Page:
Indian wins Mr Congeniality at Mr Gay World
His own country may not accept him and his ilk, but Sushant Divgikar has won four awards the highest by any contestant at the Mr Gay World competition in Rome last week
His own country may not accept him and his ilk, but Sushant Divgikar has found both acceptance and recognition abroad. Divgikar, who holds the title of Mr Gay India, represented the country at the Mr Gay World competition held in Rome earlier last week.
While Divgikar did not win the coveted Mr Gay World Award, which was bagged by a man from the United Kingdom, he won awards in four different categories the highest by any participant including the People’s Choice award.
Though Divgikar is happy that he represented the LGBT community in the contest, the neglect from the government and the apathy towards the community in India nagged him throughout. “The delegates from other countries were representing their nation.
They were given everything officially and all their expenses were taken care of, but I had to do everything myself. It was very de-motivating to see officials travelling with contestants even from countries like Croatia. That’s when I decided that I wasn’t participating for India, but for the LGBT community in the country,” he said.
Divgikar bagged four awards Mr Congeniality, Mr People’s Choice, Mr Art and a group award for Sports. “While the figures weren’t released, I was told by an associate in the competition that I was leading by almost a million votes in the People’s Choice award.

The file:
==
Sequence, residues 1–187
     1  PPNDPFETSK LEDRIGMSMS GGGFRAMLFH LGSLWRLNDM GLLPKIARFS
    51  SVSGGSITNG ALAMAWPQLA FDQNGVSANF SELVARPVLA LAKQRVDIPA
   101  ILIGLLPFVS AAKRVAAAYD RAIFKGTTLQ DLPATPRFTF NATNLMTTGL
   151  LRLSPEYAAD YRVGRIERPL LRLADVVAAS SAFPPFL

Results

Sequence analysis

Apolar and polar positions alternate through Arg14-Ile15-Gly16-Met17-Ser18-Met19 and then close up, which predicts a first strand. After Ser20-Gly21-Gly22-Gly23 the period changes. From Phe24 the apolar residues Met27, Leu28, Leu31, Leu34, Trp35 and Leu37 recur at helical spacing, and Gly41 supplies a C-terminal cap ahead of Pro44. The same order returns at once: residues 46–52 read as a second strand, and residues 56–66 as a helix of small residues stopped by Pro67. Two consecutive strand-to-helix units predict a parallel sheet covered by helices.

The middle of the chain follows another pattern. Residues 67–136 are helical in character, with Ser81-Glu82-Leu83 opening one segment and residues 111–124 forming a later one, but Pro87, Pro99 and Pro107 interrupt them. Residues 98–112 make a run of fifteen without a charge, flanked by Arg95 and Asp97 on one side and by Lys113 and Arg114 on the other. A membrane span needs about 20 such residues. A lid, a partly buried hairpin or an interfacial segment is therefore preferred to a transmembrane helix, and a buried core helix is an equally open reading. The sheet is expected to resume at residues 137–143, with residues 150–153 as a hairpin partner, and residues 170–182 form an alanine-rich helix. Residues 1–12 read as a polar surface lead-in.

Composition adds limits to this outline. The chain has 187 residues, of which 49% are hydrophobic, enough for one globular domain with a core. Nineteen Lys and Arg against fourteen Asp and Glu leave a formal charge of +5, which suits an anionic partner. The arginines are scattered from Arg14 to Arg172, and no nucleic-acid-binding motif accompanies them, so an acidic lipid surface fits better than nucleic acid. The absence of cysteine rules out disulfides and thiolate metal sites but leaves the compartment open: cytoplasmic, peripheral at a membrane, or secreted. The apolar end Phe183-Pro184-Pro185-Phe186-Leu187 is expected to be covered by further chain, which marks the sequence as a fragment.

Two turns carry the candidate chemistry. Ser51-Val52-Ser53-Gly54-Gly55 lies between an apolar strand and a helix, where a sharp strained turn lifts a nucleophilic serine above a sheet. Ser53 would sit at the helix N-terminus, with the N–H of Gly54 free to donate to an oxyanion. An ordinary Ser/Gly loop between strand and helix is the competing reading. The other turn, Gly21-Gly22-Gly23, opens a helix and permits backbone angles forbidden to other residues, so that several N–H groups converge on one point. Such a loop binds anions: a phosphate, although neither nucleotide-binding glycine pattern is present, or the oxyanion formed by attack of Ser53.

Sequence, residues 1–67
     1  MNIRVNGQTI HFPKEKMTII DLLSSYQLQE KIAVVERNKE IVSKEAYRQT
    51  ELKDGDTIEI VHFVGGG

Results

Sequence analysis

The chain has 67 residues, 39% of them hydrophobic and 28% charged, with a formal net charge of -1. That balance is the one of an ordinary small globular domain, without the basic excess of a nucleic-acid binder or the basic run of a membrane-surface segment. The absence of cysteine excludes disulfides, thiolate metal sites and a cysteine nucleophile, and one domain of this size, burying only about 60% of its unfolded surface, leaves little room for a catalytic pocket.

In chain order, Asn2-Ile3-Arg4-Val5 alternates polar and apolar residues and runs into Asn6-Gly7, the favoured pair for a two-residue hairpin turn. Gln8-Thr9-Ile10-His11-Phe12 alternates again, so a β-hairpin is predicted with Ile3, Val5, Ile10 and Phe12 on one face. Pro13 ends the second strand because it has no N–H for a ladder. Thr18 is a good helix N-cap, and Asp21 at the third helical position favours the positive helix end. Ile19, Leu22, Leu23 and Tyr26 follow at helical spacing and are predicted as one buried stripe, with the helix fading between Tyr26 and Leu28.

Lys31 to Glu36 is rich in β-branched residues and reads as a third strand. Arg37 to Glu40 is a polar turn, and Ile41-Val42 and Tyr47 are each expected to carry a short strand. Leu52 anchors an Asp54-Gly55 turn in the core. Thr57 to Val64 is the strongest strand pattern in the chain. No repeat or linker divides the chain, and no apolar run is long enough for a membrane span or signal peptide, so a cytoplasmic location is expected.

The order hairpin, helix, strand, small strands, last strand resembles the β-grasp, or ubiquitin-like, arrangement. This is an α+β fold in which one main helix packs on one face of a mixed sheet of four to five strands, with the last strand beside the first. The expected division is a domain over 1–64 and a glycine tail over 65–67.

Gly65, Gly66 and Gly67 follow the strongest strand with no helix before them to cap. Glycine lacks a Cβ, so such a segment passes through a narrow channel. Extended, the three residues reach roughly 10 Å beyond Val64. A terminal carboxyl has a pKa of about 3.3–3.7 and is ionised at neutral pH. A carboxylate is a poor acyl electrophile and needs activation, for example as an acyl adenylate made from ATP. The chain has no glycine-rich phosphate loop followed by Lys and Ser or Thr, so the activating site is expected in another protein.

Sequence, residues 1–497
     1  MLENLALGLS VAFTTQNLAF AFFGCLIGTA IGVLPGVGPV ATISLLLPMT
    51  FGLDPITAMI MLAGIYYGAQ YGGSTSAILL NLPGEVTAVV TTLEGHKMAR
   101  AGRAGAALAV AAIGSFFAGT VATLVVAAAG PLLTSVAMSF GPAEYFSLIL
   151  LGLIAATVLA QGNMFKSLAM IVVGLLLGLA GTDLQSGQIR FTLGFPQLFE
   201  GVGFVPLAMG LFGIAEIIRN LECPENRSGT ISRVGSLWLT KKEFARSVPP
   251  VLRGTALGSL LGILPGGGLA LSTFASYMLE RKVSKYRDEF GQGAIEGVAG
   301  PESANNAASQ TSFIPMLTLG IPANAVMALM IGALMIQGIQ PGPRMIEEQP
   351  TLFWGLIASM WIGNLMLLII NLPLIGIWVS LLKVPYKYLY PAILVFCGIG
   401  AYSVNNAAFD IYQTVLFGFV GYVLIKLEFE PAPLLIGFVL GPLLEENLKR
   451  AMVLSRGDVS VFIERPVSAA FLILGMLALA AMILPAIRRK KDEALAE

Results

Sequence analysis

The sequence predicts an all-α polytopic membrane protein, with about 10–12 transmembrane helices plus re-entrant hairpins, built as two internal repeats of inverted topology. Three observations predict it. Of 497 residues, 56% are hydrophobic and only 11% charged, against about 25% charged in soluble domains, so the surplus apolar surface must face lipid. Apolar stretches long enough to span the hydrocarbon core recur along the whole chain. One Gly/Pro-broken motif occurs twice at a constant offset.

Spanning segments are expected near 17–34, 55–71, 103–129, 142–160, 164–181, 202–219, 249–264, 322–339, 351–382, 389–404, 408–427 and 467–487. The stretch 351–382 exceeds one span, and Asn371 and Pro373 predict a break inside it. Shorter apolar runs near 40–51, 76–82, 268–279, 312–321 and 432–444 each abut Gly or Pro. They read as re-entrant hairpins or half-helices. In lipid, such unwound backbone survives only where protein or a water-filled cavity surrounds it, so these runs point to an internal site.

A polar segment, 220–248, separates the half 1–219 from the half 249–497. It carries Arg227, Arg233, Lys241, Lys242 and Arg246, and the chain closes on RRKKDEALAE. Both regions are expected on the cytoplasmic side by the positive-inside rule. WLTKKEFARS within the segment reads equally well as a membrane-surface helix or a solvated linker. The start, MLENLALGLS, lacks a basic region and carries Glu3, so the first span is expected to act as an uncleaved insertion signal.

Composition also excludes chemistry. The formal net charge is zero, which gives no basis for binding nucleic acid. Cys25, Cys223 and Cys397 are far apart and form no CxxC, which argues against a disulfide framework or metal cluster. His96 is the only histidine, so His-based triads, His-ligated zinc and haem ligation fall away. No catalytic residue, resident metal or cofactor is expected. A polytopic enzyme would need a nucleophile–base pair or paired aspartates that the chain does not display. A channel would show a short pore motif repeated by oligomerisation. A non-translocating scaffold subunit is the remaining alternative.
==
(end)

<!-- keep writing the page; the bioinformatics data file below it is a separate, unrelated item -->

Still, I did not win the Mr Gay World Award and finished in the top ten. Had I been a judge even I wouldn’t have given myself the award. Why would you give it to a person from a country where being gay is considered a crime? The one thing this competition has done, however, is that it has assured me that the nation isn’t against the reading down of Section 377, only the government is.”
Divgikar pointed out that even England, which imposed criminalization of gay sex on India, has repealed the legislation and allowed gay marriages and that even the competition’s winner was from that country. Divgikar said the winner received a hero’s welcome in the UK, but no one in India even cared that he had participated or won four awards.
The LGBT community, however, has taken inspiration from Divgikar’s participation. Sonal Giani, advocacy officer, The Humsafar Trust, said, “Sushant winning the People’s Choice award despite being pitted against contestants from nations where even gay marriage is legal, is testimony to the fact that the so-called ‘minuscule minority’ in India is a major voice.”
“Sushant is a bundle of raw energy. His jovial disposition and grounded attitude makes him a strong contender in every contest. He wears his sexuality on his sleeve and doesn’t mind flaunting his feminine side. That’s what we need to learn from him that being a woman or being effeminate is nothing to be ashamed about,” she added.